DARE TO ASK: Binky points to more than just a drinky
By PHILLIP MILANO, The Times-Union
Why do many all-night rave attendees suck on pacifiers?
Demi, 42, Elk Grove, Calif.
At many raves, drugs are rampant. Ecstasy (or E, or X) causes people to grind
their teeth, which can do damage to their mouths. The easiest way to avoid this
is to suck on something.
Sarah, St. John's, Canada
Some people just do it for the look.
A. Bailey, 23, female, Bridgeport, Conn.
Ravers suck on pacifiers when they are on acid.
Mary, 29, Philadelphia
The pacifier allows the E-user - or "E-tard" if they're a serious drug user -
to focus on a mouth movement other than grinding. I believe it was made popular
by someone in the early days of raving in Toronto or Chicago.
Trevor, 24, Halifax, Canada
They also put drugs in or on suckers, as well.
Yes, we know "rave" - a word that describes a large gathering of mainly young
people who dance all night to electronic music and sometimes do illicit drugs -
is so 2000. In fact, it's so 2000 (or perhaps 1994) that a revival of "old
school" rave-stylings has already come and gone.
But whatever they're called, large gatherings of mainly young people who
dance all night to electronic music and sometimes do illicit drugs have not gone
out of style.
As proof of the power of rave culture, look no further than the 22nd annual
Winter Music Conference in Miami Beach on March 20-25, a confab of thousands of
dance music producers, record companies, top DJs and fans that's expected to be
the largest yet.
So we thought it a good idea to do a thumb-sucker on the topic.
The ole Binky is indeed used to offset the teeth-grinding effects of Ecstasy,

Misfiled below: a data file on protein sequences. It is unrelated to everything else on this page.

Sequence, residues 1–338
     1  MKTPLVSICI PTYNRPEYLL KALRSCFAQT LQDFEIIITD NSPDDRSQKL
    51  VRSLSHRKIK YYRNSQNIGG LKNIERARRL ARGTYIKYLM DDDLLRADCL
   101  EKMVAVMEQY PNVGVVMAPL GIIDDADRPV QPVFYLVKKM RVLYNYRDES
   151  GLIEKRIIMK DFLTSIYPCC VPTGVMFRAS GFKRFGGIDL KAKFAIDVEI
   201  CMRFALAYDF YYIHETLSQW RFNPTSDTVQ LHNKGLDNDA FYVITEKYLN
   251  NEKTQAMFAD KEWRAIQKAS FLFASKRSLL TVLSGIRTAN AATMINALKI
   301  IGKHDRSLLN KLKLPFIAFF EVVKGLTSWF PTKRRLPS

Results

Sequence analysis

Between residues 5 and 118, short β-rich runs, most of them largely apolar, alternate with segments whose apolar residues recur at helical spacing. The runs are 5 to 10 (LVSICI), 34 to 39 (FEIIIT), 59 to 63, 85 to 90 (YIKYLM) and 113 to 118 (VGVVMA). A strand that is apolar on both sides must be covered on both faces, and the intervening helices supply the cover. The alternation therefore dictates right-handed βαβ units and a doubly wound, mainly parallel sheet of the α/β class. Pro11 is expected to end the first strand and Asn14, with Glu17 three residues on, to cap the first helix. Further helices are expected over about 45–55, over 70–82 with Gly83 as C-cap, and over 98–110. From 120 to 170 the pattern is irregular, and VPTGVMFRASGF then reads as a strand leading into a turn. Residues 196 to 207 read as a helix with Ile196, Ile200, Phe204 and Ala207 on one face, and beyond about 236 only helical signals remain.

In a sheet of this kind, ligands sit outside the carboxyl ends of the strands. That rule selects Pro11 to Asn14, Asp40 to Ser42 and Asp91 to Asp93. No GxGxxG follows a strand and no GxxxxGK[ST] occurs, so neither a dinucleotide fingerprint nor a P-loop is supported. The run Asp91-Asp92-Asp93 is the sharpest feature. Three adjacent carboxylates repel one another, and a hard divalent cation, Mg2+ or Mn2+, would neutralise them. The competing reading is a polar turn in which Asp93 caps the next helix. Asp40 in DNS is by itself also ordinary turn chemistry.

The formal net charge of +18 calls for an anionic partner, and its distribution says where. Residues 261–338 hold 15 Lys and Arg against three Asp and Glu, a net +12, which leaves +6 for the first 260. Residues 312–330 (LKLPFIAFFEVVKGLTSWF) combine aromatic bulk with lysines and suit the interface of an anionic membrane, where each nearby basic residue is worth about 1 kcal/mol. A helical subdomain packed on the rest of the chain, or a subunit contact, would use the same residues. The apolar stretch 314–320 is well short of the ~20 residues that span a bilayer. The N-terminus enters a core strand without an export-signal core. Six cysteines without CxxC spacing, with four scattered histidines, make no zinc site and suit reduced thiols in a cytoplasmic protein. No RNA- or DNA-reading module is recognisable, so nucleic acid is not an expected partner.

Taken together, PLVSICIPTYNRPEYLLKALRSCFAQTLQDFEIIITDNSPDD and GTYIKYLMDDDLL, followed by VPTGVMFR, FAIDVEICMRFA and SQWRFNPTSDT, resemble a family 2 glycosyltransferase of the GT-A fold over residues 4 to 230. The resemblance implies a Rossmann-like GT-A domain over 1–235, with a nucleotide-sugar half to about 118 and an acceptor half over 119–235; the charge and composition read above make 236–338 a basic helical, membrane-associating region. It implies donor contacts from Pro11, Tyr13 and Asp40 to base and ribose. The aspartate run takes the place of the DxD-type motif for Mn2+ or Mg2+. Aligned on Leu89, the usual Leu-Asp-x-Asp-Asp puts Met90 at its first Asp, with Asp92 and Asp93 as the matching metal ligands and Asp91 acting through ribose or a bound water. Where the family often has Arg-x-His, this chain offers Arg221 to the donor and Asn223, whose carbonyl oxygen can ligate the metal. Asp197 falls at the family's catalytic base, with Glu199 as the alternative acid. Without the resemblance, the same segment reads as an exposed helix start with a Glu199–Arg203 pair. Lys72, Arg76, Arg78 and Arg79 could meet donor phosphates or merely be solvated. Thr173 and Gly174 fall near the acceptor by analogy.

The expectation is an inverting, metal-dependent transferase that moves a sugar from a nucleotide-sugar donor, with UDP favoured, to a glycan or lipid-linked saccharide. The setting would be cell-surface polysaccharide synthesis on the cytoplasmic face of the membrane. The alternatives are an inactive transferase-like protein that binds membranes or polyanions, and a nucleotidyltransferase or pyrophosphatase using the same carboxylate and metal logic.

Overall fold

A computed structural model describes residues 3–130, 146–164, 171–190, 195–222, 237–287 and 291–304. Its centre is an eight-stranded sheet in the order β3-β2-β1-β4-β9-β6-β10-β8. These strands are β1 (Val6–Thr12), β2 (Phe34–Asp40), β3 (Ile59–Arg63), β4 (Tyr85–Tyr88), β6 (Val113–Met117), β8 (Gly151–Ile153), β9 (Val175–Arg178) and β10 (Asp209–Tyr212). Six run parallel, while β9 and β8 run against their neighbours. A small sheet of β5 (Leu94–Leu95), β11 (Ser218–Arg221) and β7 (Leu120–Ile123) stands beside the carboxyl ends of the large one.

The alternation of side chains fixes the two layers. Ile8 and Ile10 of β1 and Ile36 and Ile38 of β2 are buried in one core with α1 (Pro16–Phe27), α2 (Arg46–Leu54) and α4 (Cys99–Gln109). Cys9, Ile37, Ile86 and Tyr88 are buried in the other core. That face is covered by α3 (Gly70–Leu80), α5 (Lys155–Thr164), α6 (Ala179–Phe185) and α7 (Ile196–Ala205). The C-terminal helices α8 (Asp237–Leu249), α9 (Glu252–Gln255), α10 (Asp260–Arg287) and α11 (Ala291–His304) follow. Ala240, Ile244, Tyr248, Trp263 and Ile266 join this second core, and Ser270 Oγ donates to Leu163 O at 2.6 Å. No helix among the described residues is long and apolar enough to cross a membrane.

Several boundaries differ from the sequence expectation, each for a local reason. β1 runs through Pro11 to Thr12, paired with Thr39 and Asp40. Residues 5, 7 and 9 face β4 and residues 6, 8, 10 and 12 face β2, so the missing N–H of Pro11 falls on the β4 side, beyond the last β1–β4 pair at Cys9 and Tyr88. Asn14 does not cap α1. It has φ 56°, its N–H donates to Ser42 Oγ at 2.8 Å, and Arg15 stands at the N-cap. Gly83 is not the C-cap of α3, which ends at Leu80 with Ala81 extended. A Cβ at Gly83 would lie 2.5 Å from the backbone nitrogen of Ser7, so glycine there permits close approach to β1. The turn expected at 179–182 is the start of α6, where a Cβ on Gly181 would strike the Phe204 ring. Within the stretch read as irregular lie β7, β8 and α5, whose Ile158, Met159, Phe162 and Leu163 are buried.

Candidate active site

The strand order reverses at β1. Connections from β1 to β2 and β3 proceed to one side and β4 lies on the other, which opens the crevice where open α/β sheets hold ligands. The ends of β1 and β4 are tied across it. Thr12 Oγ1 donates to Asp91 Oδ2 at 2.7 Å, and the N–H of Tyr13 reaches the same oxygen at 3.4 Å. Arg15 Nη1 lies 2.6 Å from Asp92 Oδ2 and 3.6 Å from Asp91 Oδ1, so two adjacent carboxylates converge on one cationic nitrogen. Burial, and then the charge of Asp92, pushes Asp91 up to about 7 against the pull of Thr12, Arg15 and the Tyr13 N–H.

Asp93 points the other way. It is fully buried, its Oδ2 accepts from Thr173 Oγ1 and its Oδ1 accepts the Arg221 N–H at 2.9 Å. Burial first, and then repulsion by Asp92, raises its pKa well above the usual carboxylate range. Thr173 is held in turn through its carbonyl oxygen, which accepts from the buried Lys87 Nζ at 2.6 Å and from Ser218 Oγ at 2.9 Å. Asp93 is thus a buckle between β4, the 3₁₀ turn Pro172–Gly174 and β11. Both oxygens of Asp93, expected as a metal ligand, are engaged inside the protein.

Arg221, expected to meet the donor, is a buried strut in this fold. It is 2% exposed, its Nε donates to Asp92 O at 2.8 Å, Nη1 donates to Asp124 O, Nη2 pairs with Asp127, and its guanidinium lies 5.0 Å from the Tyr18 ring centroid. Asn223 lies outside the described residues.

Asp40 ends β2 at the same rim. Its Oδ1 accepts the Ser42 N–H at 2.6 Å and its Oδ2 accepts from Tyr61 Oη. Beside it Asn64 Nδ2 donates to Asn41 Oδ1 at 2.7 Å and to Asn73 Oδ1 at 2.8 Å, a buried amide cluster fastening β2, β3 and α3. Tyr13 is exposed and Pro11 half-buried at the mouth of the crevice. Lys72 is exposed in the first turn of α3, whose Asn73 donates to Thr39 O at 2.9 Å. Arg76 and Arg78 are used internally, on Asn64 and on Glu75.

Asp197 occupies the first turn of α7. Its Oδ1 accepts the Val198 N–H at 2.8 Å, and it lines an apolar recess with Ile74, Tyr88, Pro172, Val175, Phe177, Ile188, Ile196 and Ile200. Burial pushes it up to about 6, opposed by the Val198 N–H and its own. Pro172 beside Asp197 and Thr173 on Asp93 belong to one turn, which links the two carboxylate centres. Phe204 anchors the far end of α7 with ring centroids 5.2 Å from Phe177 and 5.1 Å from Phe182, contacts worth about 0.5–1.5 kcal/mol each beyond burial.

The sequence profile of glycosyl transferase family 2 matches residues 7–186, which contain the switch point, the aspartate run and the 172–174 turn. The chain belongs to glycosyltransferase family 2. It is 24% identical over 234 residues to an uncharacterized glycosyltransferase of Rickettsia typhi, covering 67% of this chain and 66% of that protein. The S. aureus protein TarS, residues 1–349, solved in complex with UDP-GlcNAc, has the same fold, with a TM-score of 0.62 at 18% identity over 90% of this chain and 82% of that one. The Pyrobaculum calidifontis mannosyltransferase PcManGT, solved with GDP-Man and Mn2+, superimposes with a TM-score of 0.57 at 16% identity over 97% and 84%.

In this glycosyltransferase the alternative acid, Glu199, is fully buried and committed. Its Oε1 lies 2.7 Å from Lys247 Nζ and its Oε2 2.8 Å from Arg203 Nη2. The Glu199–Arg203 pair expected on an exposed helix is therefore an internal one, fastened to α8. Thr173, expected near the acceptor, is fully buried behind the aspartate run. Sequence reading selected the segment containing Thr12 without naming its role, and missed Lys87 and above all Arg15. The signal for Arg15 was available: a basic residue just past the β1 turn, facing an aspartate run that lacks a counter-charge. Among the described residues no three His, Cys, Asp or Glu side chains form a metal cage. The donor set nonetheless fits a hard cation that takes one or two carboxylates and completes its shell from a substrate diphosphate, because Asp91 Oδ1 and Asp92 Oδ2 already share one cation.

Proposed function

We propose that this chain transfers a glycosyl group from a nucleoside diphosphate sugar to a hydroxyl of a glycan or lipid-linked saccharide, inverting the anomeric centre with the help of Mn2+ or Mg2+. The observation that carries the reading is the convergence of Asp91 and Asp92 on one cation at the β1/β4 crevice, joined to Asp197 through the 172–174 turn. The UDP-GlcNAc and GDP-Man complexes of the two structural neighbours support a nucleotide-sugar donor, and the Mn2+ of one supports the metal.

said substance abuse expert Cynthia R. Knowles, author of Up All Night: A Closer
Look at Club Drugs and Rave Culture (Red House).
"The drug causes inhibition of the jaw-opening response, so the jaw is
clenched. People end up doing dental damage. Dentists are trained to recognize
it so they can give referrals for drug treatment."
Some school districts even clamped down on students walking the halls with
pacifiers attached to their backpacks, saying they amounted to drug
paraphernalia, she said.
Like pot and cigarettes, Ecstasy use has dropped among youths in recent
years, Knowles noted.
Alas, teens always seem to find new ways to destroy brain cells and more: On
the rise in abuse are prescription painkillers like OxyContin, keyboard cleaners
such as Dust-Off that contain propellant and even over-the-counter cough syrup.
"These kids think since they can buy some of this stuff at Wal-Mart, it must
be OK," Knowles said. "But it can lead to permanent brain damage. I encourage
parents, if you've got Dust-Off in your house, lock it in your liquor cabinet."
Phillip Milano, author of I Can't Believe You Asked That! (Perigee),
moderates cross-cultural dialogue at Y? The National Forum on People's
Differences. Visit www.yforum.com to submit questions and answers, or mail to
Phillip Milano, c/o The Florida Times-Union, P.O. Box 1949, Jacksonville, FL
32231. Include contact information. For Dare to Ask podcasts, go to
Jacksonville.com keyword: milano.